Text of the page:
Stacks and queues are two fundamental data structures in computer science. They are used for manipulating collections of objects. This article aims at giving a general overview of stacks and queues and helping you to understand what they are.
Let’s see what are the operations supported by these two data structures.
The two main operations of a stack are push and pop:
- push() adds a new element at the end of the structure (or better to say, at the top of the stack);
- pop() extracts and returns the last added element.
The two main operations of a queue are enqueue and dequeue:
- enqueue() adds a new element at the end (also said the back) of the structure;
- dequeue() extracts and returns the first element that was added to the queue, also said the front element.
Both structures will also typically support:
- isEmpty() to test whether the structure is empty or not;
- size() that returns the number of elements contained.
Differences between stacks and queues
From the preceding paragraph, the main difference between a stack and a queue is the order of the returned elements. A queue returns them in the order they were added to it, a stack in reverse order. A stack is a LIFO (last in, first out) structure, a queue is a FIFO (first in, first out) structure.
To understand what a stack is, you can imagine a stack of dishes. You can add (push) dishes only at the top of the stack. Likewise you can only remove (pop) the last added dish from the top. To add or remove dishes in the middle you should first remove the other dishes that are above the insertion point and put them again at the end. Another example: some days ago I was taking apart a toy with my son and I realized that if I had to store the sequence of the operations I would have to use a stack. Why? Because to rebuild it I would have to use the same operations, but in reverse order.
In a computer program for example you will use a stack to implement the undo operation. The stack will store the history of all the executed operations. When you click undo, the stack will pop the last operation done to undo it.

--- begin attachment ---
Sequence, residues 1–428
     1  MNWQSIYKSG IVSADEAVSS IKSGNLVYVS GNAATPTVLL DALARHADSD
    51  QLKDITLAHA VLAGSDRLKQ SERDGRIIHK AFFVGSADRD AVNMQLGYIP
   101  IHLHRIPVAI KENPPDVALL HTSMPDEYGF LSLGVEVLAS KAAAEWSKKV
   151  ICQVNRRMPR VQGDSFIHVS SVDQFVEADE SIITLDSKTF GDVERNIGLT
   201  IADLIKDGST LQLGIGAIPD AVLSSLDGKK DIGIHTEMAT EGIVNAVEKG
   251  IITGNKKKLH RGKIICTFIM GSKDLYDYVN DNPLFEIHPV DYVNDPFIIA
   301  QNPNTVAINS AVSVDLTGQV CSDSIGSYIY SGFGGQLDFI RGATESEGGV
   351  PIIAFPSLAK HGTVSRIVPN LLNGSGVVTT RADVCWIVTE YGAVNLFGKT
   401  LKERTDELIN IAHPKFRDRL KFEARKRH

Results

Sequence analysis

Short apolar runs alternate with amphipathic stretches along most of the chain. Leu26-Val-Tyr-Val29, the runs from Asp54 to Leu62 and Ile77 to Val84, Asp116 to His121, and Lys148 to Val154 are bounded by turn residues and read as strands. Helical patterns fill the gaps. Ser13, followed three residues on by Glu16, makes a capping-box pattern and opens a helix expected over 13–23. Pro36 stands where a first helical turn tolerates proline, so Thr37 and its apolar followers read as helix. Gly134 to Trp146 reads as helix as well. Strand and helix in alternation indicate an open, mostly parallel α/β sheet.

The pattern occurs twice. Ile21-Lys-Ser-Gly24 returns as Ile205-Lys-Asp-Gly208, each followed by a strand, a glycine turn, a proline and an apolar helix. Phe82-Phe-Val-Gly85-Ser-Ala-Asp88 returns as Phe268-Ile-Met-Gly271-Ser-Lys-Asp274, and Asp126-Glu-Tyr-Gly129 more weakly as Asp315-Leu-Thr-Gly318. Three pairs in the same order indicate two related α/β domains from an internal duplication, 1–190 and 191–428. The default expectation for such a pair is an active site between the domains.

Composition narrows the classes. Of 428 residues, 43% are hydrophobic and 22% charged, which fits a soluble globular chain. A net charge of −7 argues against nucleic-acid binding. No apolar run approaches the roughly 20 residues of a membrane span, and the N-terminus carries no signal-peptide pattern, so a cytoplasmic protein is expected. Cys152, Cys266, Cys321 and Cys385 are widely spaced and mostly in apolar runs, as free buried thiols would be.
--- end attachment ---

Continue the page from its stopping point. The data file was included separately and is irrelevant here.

To understand what a queue is, you can imagine a queue of people waiting for the bus. The first arrived person will be the first to get on the bus. An example of a queue is the printer queue: every print job is sent to the printer queue. Then we expect they are printed in the same order as they have been sent to the queue.
Except for the difference in the order, stacks and queues have a lot in common:
- elements are ordered;
- very efficient at adding and removing elements from their end, normally constant time O(1);
- no support (or better to say, very inefficient) for random access;
- no support (or better to say, very inefficient) for adding and removing elements in the middle of the structure.
Stacks and queues compared to arrays
So, you’ll use them only when you can meet the conditions above. If you compare stacks and queues to traditional arrays, they are the opposite for many aspects:
- arrays are very efficient at random access, normally constant time O(1);
- arrays are very inefficient (or it is forbidden by the language) at resizing (adding and removing elements).
So, depending on your needs, you’ll have to choose the right structure. For example, if you have to do a lot of insertions and deletions in the middle of the structure, array, queues and stacks are not the way to go. A linked list could be the solution.